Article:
An unusual feature of Milton is the scattering of small pieces of sculpture which adorn a number of properties throughout the village. Milton is never going to rival Florence in its sculptural adornment, but these little carvings illustrate an interesting aspect of the history of the village.
Usually sculptures in small rural villages in the Cotswolds and elsewhere are to be found on and within the local parish church in the form of architectural ornament or funerary monuments. However, almost all the ones in Milton are scattered among the domestic buildings; that is unusual. Most of these survivors are a legacy of the presence of Alfred Groves and Sons in the village. Many are probably salvaged features from the demolition or restoration of other buildings in the region by Groves, or sample pieces undertaken by apprentices. There are other pieces of sculpture and ad hoc bits of carving inside a few properties within the village which are not on public view but are also a part of the legacy of Groves’ presence; these seem to be the doodles of masons living locally. Groves was once a huge enterprise in the centre of Milton. The company provided masonry, timber and building skills to many projects throughout the region including Oxford Colleges and St Paul’s Cathedral in London. Their heyday was in the second half of the 19th Century, and early 20th Century. Their presence was significant to the development of Milton as a village in its own right, and these little carvings are another reminder of that legacy.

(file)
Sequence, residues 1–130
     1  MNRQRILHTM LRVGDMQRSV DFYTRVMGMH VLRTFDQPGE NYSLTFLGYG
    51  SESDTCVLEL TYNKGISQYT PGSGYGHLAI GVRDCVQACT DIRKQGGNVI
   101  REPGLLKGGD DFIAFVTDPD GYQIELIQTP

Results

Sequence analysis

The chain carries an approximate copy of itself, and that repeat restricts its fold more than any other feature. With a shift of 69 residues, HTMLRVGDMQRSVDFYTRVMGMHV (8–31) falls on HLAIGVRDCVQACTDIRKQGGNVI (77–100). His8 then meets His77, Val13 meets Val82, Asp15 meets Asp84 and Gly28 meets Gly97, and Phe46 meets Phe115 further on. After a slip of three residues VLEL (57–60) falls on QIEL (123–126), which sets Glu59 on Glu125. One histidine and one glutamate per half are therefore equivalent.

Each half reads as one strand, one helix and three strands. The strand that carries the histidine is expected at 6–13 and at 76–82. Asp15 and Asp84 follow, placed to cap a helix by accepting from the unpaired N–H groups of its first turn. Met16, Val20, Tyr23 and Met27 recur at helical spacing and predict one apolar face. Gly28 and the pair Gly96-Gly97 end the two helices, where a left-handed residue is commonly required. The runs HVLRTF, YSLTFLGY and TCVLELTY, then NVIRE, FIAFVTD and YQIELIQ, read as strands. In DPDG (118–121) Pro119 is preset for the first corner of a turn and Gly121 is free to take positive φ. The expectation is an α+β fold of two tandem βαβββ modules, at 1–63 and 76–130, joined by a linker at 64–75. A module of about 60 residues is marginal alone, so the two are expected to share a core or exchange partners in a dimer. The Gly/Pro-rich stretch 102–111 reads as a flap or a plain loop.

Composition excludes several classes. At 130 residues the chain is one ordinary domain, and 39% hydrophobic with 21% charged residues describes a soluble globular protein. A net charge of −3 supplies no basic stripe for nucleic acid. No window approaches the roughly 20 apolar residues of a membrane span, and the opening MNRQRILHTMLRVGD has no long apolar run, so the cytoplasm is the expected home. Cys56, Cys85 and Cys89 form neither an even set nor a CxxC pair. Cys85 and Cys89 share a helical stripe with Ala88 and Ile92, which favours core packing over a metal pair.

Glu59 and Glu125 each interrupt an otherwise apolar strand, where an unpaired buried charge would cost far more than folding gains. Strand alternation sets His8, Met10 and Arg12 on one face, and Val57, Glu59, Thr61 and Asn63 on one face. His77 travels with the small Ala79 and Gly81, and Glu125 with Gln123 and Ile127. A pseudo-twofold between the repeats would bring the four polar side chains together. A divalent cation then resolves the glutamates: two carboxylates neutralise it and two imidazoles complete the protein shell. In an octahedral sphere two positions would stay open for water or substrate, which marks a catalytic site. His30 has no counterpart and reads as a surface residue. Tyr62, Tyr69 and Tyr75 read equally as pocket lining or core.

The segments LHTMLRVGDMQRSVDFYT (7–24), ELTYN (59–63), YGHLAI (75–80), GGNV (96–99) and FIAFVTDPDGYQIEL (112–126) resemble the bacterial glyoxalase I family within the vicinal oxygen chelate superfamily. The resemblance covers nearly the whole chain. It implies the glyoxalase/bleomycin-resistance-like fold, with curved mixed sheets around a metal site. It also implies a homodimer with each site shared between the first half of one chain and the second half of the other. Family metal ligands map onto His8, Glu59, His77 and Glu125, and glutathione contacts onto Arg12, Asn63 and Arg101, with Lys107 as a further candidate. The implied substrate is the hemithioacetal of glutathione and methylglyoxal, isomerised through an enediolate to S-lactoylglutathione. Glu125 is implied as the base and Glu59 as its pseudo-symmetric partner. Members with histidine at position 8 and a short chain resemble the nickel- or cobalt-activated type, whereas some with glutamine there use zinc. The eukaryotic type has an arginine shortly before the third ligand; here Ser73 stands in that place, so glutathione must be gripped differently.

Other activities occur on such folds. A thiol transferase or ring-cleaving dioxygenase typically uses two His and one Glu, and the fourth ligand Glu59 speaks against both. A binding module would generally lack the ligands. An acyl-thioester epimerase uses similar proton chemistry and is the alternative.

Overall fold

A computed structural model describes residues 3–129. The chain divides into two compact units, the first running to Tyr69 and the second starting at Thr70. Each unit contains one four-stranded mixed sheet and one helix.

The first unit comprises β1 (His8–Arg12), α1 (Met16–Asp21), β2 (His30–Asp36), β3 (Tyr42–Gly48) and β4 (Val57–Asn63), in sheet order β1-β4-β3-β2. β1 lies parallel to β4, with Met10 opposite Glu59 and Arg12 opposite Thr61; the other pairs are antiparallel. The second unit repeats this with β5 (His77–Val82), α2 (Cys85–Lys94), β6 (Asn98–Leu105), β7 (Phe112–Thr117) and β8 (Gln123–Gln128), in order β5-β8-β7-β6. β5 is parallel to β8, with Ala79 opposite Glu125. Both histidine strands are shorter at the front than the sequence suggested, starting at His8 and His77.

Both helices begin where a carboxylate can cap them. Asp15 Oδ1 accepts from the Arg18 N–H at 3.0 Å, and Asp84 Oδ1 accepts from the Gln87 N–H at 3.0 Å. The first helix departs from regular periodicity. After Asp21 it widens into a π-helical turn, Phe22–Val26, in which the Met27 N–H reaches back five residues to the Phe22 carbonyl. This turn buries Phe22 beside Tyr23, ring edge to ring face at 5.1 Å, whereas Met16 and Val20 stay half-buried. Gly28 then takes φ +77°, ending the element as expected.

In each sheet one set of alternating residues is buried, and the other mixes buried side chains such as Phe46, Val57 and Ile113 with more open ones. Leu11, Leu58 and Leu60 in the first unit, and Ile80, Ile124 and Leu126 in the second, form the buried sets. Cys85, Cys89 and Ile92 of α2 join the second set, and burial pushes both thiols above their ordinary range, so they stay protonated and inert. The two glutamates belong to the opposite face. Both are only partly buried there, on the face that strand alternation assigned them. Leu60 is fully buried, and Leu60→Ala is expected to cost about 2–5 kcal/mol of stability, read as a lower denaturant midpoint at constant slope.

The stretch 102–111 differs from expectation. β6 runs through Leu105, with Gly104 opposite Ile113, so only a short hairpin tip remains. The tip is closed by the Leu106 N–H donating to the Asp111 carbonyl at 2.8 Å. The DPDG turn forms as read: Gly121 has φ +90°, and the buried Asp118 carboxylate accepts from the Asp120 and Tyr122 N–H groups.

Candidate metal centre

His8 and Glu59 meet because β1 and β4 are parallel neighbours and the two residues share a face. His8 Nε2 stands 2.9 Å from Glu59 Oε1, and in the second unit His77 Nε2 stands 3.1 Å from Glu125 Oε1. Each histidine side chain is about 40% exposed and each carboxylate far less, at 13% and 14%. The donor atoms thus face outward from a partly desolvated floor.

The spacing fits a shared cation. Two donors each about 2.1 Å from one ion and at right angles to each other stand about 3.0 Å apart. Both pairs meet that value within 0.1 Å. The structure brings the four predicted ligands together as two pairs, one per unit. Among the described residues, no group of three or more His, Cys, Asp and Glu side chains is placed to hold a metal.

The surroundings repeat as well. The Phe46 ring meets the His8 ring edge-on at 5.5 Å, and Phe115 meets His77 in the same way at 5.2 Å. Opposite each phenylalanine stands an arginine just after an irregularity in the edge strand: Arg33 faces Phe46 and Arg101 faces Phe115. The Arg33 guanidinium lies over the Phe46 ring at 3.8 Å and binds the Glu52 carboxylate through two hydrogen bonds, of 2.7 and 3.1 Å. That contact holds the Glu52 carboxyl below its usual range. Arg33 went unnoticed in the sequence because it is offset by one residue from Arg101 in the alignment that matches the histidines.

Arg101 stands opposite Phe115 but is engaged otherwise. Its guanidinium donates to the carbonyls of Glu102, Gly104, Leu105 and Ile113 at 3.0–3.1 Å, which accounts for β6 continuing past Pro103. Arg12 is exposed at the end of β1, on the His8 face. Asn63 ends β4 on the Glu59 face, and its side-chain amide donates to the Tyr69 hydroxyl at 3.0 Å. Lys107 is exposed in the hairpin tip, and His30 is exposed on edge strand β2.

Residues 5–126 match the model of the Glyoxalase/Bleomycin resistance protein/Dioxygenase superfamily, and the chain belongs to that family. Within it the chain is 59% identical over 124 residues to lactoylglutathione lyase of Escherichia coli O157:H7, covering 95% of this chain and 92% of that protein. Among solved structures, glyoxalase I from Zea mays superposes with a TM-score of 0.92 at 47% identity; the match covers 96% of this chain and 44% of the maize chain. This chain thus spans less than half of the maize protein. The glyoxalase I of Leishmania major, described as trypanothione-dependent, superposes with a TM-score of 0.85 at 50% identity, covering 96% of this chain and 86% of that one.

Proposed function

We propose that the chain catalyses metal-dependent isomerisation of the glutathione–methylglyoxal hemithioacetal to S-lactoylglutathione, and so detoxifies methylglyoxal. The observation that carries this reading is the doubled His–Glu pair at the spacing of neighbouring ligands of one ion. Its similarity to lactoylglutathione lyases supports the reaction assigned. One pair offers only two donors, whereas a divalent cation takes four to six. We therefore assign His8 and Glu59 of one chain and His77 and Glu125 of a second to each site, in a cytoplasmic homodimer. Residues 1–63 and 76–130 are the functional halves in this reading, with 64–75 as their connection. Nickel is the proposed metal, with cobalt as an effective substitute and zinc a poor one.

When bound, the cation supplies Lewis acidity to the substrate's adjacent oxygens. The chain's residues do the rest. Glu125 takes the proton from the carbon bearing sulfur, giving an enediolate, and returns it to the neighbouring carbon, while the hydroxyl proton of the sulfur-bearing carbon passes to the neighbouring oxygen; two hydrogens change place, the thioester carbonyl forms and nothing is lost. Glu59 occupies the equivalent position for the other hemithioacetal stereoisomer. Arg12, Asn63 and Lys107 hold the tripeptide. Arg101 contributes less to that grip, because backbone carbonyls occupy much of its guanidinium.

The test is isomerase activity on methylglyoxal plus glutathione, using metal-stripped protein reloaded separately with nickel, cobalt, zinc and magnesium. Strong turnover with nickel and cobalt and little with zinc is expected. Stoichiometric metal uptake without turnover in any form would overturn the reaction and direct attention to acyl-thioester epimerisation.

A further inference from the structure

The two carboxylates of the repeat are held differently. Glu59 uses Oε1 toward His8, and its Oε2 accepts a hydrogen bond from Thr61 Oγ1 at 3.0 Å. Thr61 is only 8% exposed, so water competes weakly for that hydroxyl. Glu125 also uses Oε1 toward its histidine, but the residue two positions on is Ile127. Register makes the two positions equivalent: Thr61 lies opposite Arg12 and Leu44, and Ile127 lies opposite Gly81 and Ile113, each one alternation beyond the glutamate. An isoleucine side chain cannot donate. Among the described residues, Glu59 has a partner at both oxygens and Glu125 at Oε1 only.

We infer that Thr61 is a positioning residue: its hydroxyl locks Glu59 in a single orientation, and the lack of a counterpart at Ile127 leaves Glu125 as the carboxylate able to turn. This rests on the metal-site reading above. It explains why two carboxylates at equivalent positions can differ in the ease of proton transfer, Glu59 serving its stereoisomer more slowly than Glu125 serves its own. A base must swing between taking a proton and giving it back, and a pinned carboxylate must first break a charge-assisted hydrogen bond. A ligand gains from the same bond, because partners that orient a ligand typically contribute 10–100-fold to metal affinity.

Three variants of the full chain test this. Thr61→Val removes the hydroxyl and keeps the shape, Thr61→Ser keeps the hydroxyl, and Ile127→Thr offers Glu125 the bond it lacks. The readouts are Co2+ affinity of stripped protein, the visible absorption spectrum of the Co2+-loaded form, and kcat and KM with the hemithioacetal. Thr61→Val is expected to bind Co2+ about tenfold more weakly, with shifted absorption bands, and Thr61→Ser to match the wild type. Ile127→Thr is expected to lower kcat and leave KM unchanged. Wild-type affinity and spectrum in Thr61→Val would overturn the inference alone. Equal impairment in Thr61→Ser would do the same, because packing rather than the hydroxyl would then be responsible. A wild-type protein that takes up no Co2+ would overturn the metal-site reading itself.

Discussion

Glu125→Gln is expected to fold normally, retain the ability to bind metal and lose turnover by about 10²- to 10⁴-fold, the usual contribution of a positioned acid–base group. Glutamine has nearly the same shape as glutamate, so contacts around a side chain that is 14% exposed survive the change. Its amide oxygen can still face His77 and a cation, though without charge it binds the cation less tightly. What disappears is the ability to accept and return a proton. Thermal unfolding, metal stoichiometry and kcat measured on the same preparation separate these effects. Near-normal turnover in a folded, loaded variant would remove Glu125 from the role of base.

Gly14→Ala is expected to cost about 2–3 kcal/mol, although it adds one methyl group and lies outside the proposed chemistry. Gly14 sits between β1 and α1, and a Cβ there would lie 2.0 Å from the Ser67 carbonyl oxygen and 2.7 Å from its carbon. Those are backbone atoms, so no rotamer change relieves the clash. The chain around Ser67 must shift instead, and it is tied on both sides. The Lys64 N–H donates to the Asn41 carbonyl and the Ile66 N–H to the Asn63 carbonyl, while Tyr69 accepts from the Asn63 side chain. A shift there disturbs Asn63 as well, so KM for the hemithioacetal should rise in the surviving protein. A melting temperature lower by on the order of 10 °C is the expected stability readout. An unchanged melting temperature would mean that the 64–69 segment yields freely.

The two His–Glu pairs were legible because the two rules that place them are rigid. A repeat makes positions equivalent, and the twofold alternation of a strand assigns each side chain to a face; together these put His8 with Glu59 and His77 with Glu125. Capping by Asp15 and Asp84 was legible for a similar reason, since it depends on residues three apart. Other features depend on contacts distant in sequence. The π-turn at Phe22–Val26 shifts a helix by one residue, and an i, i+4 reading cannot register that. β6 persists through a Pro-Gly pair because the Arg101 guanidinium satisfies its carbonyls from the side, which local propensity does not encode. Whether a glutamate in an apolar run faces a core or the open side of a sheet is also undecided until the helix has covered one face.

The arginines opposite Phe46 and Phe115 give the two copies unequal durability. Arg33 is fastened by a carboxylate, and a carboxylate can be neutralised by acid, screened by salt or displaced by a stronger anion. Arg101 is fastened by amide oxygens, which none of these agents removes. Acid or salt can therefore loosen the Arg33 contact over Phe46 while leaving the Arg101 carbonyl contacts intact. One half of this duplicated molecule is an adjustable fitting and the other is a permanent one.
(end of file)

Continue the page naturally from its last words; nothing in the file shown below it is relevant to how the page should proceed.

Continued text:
These sculptures probably pass largely unnoticed by the casual visitor. Often of the same stone as the buildings they adorn they are not conspicuous, but anyone with a sharp eye could spend a rewarding hour wandering around the village spotting them. They were mostly made to be displayed in other locations, but the village masons re-homed these sculptures on their houses to perhaps make a small statement about their pride in their profession. There are a mix of subjects: a number of male and female heads, including one of a former Dr Who character, a medieval angel, a bull’s and a boar’s head, a hybrid man/animal figure and a mother and child. A photographic selection of the Milton carvings can be seen below.
This is a summary version of an article published on the Wychwoods Local History Society website: wychwooodshistory.uk. The research was originally part of the compilation of a Village Character Assessment that is included in the forthcoming Milton Neighbourhood Plan – see https://miltonunderwychwood-pc.gov.uk/neighbourhood-plan/ for the current status of this project.